Have you ever wondered what your guinea pig is trying to tell you? We have compiled this list of guinea pig vocalizations to help pet parents become guinea pig whisperers!
Important Reminders About Guinea Pig Sounds
One of the most important things to remember about guinea pig sounds is that you must factor in both the sound and the body language your guinea pig expresses while making the sound. Without the context of your pet’s body language and the knowledge of what is happening in your pet’s surroundings, guinea pig sounds cannot always be accurately deciphered.
Another note is that some guinea pigs might not make all of these sounds. Some guinea pigs don’t whole-heartedly wheek in the morning for their breakfast, and some might not bubble as they’re relaxing on your lap, but the lack of these vocalizations doesn’t mean they’re unhappy!
AKA “I ordered 5 minutes ago, where’s my meal?"
Sometimes called whistling, this is the classic sound people think of when they think “guinea pig.” It can be deciphered as begging—they really want something (and that something is usually food!). The amount of wheeking a guinea pig does really depends on the individual—some guinea pigs wheek incessantly every time they hear a bag crinkle, while other times they may only wheek once or twice a day, when it’s time for breakfast or dinner greens.
Sometimes referred to as a “clucking” sound (like a mother hen would make), this is a sound of contentment. Guinea pigs may make this sound towards you when you’re interacting with them, or toward their cage mates, when they’re enjoying the moment. Guinea pigs may also make this sound when they’re curious and exploring their surroundings. Guinea pigs that are chutting are loving life!
In this video from finnleythepig, there’s a great example of Gilbert chutting (mixed in with rumble strutting!). Listen closely for the little repeated “chuts” in-between rumbles!
Compared to the other sounds our piggy pals make, bubbling is a very quiet sound and can be difficult to hear. It is ultimately a sign of happiness. “Pancaking,” where your pet lays down flat with their eyes closed and relaxed, frequently accompanies this sound. Many pet owners find that bubbling only occurs between cage mates who deeply enjoy one another’s company, or during a particularly cozy lap time.
There are two types of rumbling that guinea pig parents should be aware of.
One is often accompanied by “rumble strutting,” which is a behavior guinea pigs do to display dominance. The guinea pig shifts their weight side-to-side while walking, and sometimes their fur may be a little puffed up to make themselves look larger. It can be interpreted as “I’m the big boss pig.” Rumbling accompanied by rumble strutting is not overtly a sign of aggression, but it can bring out disagreements between two pigs if they both believe themselves to be boss and neither will back down. Listen to clip
The second type can be interpreted to mean “Uh-oh!” This type of rumbling is often heard while the guinea pig is also frozen and/or wide-eyed—it’s a sign that they’re startled. Being a prey species, guinea pigs sometimes panic and run for cover after freezing and rumbling for a moment. If your pig makes this type of rumbling sound, you might need to hold onto your pig if they are not securely on the ground so they don’t bolt and risk a fall (such as if they’re on the couch with you). In this recording, the guinea pig is eating a treat but is still a little unsure of his surroundings (made apparent by his short rumbles). Listen to clip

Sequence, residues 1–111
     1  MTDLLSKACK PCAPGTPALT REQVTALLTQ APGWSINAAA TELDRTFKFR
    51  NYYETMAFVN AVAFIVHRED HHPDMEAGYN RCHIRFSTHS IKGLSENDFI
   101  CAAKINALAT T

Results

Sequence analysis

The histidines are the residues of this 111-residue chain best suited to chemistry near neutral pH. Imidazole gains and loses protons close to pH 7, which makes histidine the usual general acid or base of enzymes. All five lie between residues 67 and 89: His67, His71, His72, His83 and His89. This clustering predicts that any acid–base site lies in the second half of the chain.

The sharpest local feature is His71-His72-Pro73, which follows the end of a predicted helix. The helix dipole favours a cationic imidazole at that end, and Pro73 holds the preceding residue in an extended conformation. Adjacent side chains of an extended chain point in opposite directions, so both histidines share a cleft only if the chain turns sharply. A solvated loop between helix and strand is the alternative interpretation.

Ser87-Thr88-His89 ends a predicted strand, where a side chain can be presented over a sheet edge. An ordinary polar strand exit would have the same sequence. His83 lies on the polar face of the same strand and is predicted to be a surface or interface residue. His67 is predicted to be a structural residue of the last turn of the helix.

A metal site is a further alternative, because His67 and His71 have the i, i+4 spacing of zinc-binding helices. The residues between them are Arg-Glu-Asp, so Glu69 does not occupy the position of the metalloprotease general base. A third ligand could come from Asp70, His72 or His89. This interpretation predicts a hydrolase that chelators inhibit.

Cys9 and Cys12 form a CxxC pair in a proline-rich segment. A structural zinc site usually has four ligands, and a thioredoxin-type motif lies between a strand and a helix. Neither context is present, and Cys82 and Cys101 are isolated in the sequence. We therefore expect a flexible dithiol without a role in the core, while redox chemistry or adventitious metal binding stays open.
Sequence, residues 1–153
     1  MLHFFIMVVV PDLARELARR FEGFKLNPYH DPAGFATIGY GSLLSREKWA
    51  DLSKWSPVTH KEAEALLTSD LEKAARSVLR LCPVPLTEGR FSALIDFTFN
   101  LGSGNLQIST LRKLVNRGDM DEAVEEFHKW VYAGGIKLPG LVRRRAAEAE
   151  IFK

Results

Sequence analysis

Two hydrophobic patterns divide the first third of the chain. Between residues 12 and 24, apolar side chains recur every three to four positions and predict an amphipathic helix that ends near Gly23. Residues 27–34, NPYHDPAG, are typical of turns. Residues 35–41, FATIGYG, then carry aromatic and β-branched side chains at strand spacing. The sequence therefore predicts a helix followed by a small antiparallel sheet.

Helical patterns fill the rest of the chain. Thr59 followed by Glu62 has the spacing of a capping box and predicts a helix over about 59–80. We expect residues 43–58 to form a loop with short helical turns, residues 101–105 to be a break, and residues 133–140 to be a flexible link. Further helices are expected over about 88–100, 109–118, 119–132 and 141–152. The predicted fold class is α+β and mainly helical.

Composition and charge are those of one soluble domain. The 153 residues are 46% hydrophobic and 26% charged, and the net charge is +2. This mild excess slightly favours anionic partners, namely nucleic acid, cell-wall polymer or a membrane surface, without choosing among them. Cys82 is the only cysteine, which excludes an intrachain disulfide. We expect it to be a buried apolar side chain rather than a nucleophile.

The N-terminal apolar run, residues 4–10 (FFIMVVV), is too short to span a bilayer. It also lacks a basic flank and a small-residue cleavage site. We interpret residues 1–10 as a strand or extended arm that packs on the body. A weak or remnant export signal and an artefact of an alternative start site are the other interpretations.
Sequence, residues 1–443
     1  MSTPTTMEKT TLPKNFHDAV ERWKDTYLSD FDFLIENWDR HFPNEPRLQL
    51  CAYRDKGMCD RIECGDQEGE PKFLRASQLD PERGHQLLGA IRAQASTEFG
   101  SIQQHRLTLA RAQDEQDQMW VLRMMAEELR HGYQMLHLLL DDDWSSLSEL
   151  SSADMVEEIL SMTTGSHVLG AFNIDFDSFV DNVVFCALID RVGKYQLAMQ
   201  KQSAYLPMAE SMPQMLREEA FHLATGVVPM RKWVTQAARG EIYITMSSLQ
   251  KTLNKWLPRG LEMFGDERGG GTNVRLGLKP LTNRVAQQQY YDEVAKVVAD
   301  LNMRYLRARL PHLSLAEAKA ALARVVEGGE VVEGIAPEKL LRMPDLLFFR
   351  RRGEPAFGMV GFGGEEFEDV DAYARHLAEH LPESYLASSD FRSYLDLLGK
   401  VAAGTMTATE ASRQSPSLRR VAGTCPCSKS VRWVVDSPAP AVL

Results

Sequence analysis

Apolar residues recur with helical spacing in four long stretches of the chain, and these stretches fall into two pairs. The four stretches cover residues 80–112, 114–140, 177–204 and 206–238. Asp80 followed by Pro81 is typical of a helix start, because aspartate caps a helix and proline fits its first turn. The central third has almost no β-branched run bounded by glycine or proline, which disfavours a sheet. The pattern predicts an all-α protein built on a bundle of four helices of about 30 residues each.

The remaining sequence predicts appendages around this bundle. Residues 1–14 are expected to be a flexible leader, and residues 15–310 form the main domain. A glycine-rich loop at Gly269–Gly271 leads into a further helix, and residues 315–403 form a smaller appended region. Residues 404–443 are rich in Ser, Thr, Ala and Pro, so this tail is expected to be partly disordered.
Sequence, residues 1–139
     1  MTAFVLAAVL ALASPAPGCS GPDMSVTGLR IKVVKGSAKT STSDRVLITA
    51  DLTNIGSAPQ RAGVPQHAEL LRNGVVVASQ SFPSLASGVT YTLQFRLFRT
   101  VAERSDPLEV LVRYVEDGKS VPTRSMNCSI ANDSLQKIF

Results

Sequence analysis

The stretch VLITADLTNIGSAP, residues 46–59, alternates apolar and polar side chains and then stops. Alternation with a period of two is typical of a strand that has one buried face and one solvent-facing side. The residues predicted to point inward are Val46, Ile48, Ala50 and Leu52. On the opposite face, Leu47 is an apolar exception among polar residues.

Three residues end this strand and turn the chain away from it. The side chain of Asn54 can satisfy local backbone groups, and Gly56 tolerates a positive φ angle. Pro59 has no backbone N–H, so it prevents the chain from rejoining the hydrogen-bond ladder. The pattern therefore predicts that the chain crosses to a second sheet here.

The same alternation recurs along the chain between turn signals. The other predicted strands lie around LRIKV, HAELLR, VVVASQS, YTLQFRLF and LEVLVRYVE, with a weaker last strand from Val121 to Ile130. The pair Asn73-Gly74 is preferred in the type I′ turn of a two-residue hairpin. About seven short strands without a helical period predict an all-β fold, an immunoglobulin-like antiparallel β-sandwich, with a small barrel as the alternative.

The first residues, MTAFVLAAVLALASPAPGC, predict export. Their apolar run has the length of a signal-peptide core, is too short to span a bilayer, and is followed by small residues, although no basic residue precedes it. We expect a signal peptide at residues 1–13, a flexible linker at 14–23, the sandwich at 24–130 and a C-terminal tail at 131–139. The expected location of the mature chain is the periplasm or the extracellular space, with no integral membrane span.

AKA “Stop that!”
Chattering is a sound made by guinea pigs when they clack their teeth together. It’s generally a sound of annoyance or anxiety. Context is very important with this sound. Sometimes chattering is innocuous—some guinea pigs chatter if they are anxiously awaiting food and growing impatient with their human, who may be giving them attention instead of giving them a meal. In other cases, chattering can be a clue that your pet is seriously irritated and emotionally uncomfortable with the situation they find themselves in. Chattering can sometimes occur during introductions. Chattering that occurs between two guinea pigs (especially during introductions) is a sign that you should be on alert and ready to step in before aggressive behaviors escalate.
Whining is one of the “negative” sounds a guinea pig can make. It can roughly mean “I’m not a fan of what’s happening right now!” This audio was captured when an Oxbow employee picked up their very vocal guinea pig (the guinea pig is perfectly fine—he just protests quite a bit whenever he’s being picked up!).
In some cases, a softer variation of this sound can be a sign that your guinea pig is in pain. If you hear your guinea pig whining while they are in their habitat, something may be wrong, including but not limited to bladder sludge or stones. Be sure to watch them closely to see if the whining occurs again, and what they are doing when the whining is taking place. For more information on symptoms and what to do about bladder sludge, visit our blog.
AKA “Something is UP and I don’t know what to do about it.”
This is one of the more mysterious sounds guinea pigs can make! Not all guinea pigs chirp, so when chirping does occur it can be jarring. True to the name for the sound, chirping sounds more like a vocalization a bird would make than a rodent. Not everyone agrees on the meaning of chirping, but generally it’s considered an alert signal—something has caused your guinea pig to be deeply concerned. An Oxbow employee’s guinea pig chirped once when he was very young—she decided to sleep in on the weekend only to be woken up by a sudden bird-like sound in the living room. Upon investigation, her piggie was waiting at the front of his enclosure for (his very late) breakfast, with nothing amiss. That was the only time her guinea pigs have chirped!